Efficient and Effective Learning (Or: How to Study Code?)


Something I’ve really been struggling with in regards to learning to code is how to do so efficiently and effectively. I think that not knowing if I understand something “well enough” and whether I should be taking notes (and on what?) and whether I’m ready to move on is a real hinderance to my progress.

I’m beginning to understand that being able to research solutions and learn quickly are both important skills. I question all strategies I’ve previously employed, such as reading textbooks and taking notes. If I am to learn Ruby and then find a job which requires Go, I suppose I’d want to be able to learn Go efficiently and effectively as opposed to deeply internalizing the language principles. So shouldn’t I practice learning Ruby in the same way?

I know I’m rambling a bit, but I’m really just at odds with regards to building a very strong foundation, but practicing the appropriate learning skills, considering I don’t seem to know what those skills are. Any guidance on the topic is appreciated!


Here’s what I’ve learned about myself, re: studying code:

  • Reading/taking notes works only to a certain extent.
    The best test of my mastery is whether I’m able to explain the concept in writing or out loud to someone, aka teach.
  • Reading code/watching someone code is also only good to the extent that I can then recreate it from scratch afterwards.
    Sometimes I’ll watch a video, think I understood it completely, then blank on how to write the syntax (or make a syntax mistake) when it was my turn to practice. Also, I spent too much time reading through the Eloquent Javascript and You Don’t Know JS series in study groups, and not enough time just writing functions and solving basic algorithm problems on leetcode or codewars, which in some cases does a better job refreshing the fundamentals of a language.
  • Build a project from scratch in a language I’m learning.
    I think this has also helped unveil concepts I thought I understood but didn’t really understand until I had to try to implement it via code. But also, it’s just plain fun to build something and have it out in the world.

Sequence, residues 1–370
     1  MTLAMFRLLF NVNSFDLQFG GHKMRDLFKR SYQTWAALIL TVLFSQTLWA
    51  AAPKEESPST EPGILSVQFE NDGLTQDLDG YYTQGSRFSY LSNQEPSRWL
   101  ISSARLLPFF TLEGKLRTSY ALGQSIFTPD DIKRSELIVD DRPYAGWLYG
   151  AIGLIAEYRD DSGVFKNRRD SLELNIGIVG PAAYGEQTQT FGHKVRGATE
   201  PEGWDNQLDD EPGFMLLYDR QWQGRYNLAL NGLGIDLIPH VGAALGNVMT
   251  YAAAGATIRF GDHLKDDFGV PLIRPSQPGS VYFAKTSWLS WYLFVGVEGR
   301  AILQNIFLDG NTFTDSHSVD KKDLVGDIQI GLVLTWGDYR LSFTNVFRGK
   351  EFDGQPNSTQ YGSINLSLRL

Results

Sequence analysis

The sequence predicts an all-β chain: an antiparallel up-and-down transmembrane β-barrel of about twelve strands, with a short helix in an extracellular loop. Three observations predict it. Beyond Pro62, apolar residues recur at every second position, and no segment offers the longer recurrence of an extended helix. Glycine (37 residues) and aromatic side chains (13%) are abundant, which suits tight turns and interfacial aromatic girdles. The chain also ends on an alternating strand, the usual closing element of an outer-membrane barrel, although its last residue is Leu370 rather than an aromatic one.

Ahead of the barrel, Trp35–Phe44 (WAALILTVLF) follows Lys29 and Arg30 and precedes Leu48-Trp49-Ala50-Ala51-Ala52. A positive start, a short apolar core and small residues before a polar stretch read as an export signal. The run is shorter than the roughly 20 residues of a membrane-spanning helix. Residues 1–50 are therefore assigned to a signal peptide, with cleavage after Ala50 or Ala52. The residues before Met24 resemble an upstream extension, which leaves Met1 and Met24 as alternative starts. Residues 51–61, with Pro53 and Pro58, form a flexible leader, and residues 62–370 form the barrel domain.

• Ask questions early, and ask someone more experienced to review my code.
    I’ve gotten stuck countless times and wish I’d asked for help earlier from someone who was simply more experienced. Right now it’s my mentor at work.

Typed this out in a very rambling way just now late at night, so apologies if it’s not all entirely coherent. I hope these thoughts about the lessons I’ve learned over the years help.


I’m really interested in the various paths people take to learning something. I’ve been working on a proposal for a talk that explores how I went about learning Go. I think I know what I want to say, but am struggling to make it something I can sell to a room full of Go ‘experts’ so am not sure I’ll get to give the talk.

Work in progress slides are here:

It has been interesting to look back over my journey and try and extract the key things that made a difference to the path I took. I found that the more blog posts I read and talks that I watched, the more I became aware of topics but the more I struggled to understand why any of these were useful. I’d never faced any of the challenges that led to the solutions or approaches being discussed.

So, I set out to work on projects and see where it led. I’m quite good at inventing projects to work on that strike a balance between what I want to learn, a personal interest, and work relevance. This has been key to staying motivated as I’ve gone on.

The solitude of individual projects is something I’d love to address. I haven’t yet found something/someone that forms the start of something collaborative. It’ll come though.

So, back to your original question… people could preach all they wanted about the language principles behind Go, canonical this, canonical that, it was all interesting but it just didn’t stick and it didn’t help me write anything meaningful. The only way that I felt as if I was making effective progress was to bit off something a little more complex than I was ready for and then to see where I got stuck.